Oversupply, insecurity drives down luxury home prices by 1pc.

Oversupply of houses, insecurity and the reintroduction of Capital Gains Tax (CGT) has driven luxury house prices in Nairobi down by 1 per cent in the first three months of 2015.According to the Knight Frank Prime Global Cities Index, developers built more houses in response to increased foreign investors interest in the city, causing excess supply than the available demand.

Knight Frank Agency head Anthony Havelock on Wednesday said rapid growth in construction of houses in the city was also spurred by an expanding pool of local wealthy individuals seeking to buy trophy homes.

“Our data going back five years shows Nairobi has been a star performer globally, with values growing by 20-25 per cent per year. What we’ve seen over the last year is price stabilization. If you drive around the city, there has been a huge amount of construction and buyers for the first time have got choice,” Mr. Havelock said.

The quarterly report, ranking prime residential markets in 35 cities worldwide, said Nairobi has witnessed a moderate growth in supply that widened the spectrum of options in niche property market thereby creating room for price negotiation between buyers and developers.“Unlike before, homeowners and developers servicing loans were willing to settle for flat price growths in some neighborhoods,” notes the report.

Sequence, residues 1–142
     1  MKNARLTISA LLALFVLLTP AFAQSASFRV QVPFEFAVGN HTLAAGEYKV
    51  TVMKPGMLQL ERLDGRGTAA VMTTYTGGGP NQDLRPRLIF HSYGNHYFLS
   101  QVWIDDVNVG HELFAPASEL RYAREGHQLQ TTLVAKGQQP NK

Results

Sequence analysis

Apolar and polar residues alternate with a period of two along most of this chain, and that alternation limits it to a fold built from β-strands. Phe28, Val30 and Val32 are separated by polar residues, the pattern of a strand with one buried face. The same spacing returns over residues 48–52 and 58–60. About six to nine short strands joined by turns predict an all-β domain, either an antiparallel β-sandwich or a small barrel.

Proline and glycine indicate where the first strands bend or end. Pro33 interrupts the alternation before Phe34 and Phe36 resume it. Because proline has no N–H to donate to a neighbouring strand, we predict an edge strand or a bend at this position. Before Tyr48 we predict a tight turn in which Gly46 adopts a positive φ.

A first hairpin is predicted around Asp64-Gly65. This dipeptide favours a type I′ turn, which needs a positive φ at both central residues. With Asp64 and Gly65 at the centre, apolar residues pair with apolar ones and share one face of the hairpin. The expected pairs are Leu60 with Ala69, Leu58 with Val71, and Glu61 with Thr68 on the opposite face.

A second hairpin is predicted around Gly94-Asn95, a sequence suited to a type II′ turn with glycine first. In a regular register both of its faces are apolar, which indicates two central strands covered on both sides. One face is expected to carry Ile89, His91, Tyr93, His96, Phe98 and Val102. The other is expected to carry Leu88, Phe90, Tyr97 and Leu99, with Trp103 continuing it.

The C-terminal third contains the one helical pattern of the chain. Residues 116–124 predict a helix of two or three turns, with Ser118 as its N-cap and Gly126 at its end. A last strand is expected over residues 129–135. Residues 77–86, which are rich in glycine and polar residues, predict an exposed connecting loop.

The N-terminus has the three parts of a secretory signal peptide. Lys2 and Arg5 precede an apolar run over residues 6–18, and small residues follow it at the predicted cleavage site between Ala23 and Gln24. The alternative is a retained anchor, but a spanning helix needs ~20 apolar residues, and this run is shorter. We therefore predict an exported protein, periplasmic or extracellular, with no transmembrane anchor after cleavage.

Knight Frank Kenya Managing Director Ben Woodhams said the country’s security situation slowed down transaction volumes during the quarter.

HARDEST HIT

The high-end market, whose mainstay is the expatriate community, was hardest hit.“The spate of insecurity witnessed last year affected the entire real estate sector leading to a depressed market, and some investors opted for alternative forms of investments such as government securities. The expatriates are now changing the way they live and properties they occupy due to security concerns,” Mr. Woodhams said.

The market also remained reserved following the reintroduction of Capital Gains Tax from January 1, 2015. Prices stabilized as the market awaited clarity from the Kenya Revenue Authority on the enactment of the new law according to Knight Frank Index.

Market vibrancy is expected to pick up in due course, fueled by inbound investments as multinationals eye pockets of opportunity in the extractive industry and the growing aspirational consumer market.

Buyers eyeing the entry high-end residential market are encouraged to take the opportunity before momentum picks up as the weaker shilling is expected to boost foreign investment.

Source :Daily Nation

 

 

 

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